It seems that not only the Cypriot banks but also the other European banks had questions about how the extension of the loan moratoriums would apply. The series of clarifying questions received by the European Banking Authority yesterday resulted in additional clarifications on the implementation of the prudential framework, in response to questions raised by the COVID-19 pandemic and the problems it causes. EBA may give the green light for an extension until the end of March 2021, but its restrictions will put thousands of borrowers affected by the pandemic crisis out of the moratorium, despite the fact that their income returns to regularity and the possibility of repaying their obligations is not yet visible.
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Yesterday, the EDF provided, inter alia, clarifications on the operation of the 9-month ceiling, which limits the period for which payments on a particular loan can be suspended, postponed or reduced, as a result of the implementation ( and re-implementation) of the general payment moratorium. The clarifications explain how banks should apply the moratorium guidelines when assessing the classification of tolerance and how to determine if there is a reduced financial liability in relation to the loan suspension exceeding the 9-month limit.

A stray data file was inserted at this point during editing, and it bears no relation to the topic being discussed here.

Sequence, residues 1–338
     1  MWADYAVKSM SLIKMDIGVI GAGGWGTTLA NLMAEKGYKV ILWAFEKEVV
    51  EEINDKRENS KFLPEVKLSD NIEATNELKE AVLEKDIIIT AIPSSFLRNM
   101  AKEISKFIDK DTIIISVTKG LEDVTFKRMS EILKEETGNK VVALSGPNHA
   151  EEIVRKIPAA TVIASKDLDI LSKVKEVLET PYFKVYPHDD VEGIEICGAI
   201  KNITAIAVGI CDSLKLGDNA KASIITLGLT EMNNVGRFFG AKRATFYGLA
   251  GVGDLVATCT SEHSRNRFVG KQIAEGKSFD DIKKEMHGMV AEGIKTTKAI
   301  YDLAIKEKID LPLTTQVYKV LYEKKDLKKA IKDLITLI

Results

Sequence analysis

The updated report covers the handling of loans and advances subject to a moratorium. In particular, it clarifies that when a moratorium expires, loans and advances subject to this measure must be reported. The EBA also asks credit institutions to substantiate their plans, to assess whether or not exposures subject to general payment restrictions can be paid, ie calls on banks to thoroughly evaluate their loan portfolios to ensure that loans that are on “ice” and are difficult to service normally, will fall into the “unlike to pay” category.